Adm. Robert Willard, vice chief of naval operations, made a similar statement to the base-closure commission last week, and said Pearl's strategic location and breadth of maintenance is more important to the Navy.

    Hamilton, of the Metal Trades Council, said one major drain on efficiency at Pearl is a high amount of emergency or unscheduled work needed on ships passing through the region.

    "If a ship comes in — boom — we have to jump on it," he said. "That takes people away from (scheduled) work."

    When the sub USS San Francisco rammed an undersea mountain in January 350 miles south of Guam, a Pearl repair crew flew to Guam. Another crew is working on ship batteries in San Diego. "When the Navy calls 911, they call us," he said.

    Another difference Hamilton cited is that sailors typically remain on ships overhauled at Pearl, adding time and cost. Hamilton likened the situation to remodeling a house. "At Portsmouth, people move out of the house. At Pearl, the sailors are still in the submarines. It's like the contractor comes in and has to work around the people, their furniture and the dog."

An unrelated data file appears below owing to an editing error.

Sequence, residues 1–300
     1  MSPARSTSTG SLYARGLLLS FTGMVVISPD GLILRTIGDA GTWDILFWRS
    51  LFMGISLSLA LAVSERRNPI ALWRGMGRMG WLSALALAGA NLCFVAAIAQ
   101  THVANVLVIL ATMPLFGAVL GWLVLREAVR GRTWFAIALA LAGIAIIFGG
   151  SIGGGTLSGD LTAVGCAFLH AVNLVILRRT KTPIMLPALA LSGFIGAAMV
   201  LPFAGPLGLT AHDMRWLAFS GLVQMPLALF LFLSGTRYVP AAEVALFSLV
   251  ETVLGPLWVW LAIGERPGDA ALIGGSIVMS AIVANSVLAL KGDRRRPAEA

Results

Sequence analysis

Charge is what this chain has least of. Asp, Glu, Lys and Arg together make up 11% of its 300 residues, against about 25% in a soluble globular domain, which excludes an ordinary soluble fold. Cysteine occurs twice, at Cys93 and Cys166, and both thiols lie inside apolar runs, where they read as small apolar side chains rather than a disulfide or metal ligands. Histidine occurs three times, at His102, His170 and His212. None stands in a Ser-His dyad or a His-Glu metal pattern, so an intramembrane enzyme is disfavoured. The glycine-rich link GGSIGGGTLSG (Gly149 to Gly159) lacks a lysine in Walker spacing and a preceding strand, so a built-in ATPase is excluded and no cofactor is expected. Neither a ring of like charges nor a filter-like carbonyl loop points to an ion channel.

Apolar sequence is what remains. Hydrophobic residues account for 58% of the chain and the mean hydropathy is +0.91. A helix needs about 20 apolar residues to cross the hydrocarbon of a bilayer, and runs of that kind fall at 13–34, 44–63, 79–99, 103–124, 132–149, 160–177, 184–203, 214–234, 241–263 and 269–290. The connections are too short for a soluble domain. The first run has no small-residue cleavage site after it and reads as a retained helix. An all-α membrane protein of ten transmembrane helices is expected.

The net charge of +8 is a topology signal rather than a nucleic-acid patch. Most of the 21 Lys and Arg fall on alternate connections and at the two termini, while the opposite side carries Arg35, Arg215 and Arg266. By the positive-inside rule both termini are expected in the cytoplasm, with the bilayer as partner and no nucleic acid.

Then there's supply and labor costs. "Diet Coke cost more here than it does in Portsmouth," Hamilton said. "It doesn't matter if it's a sheet of steel or a roll of toilet paper — everything is more here."

    Hamilton said Pearl shipyard workers can improve productivity just as any shipyard can, but Pearl's higher costs and diverse mission will remain. "Those things are not going to change," he said. "That's where the inefficiency comes in."

    substandard work?

    Still, a perception lingers that Pearl work is substandard. Base-closure commission chairman Anthony Principi said during a July 6 hearing that he heard several subs currently or previously home-ported at Pearl were overhauled at Portsmouth because of work quality and efficiency issues.